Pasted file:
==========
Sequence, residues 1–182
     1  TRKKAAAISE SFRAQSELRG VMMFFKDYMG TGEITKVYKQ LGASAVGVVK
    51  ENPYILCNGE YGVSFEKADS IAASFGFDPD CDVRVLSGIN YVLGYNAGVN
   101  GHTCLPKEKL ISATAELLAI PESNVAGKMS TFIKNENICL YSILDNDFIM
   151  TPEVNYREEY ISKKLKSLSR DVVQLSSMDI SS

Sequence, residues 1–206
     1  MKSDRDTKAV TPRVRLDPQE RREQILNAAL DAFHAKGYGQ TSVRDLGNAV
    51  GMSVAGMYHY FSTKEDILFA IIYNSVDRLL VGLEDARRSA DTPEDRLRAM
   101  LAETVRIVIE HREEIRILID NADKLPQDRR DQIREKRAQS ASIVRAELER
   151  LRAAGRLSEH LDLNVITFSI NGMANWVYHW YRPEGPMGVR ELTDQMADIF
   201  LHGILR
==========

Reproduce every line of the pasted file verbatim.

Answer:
Sequence, residues 1–182
     1  TRKKAAAISE SFRAQSELRG VMMFFKDYMG TGEITKVYKQ LGASAVGVVK
    51  ENPYILCNGE YGVSFEKADS IAASFGFDPD CDVRVLSGIN YVLGYNAGVN
   101  GHTCLPKEKL ISATAELLAI PESNVAGKMS TFIKNENICL YSILDNDFIM
   151  TPEVNYREEY ISKKLKSLSR DVVQLSSMDI SS

Sequence, residues 1–206
     1  MKSDRDTKAV TPRVRLDPQE RREQILNAAL DAFHAKGYGQ TSVRDLGNAV
    51  GMSVAGMYHY FSTKEDILFA IIYNSVDRLL VGLEDARRSA DTPEDRLRAM
   101  LAETVRIVIE HREEIRILID NADKLPQDRR DQIREKRAQS ASIVRAELER
   151  LRAAGRLSEH LDLNVITFSI NGMANWVYHW YRPEGPMGVR ELTDQMADIF
   201  LHGILR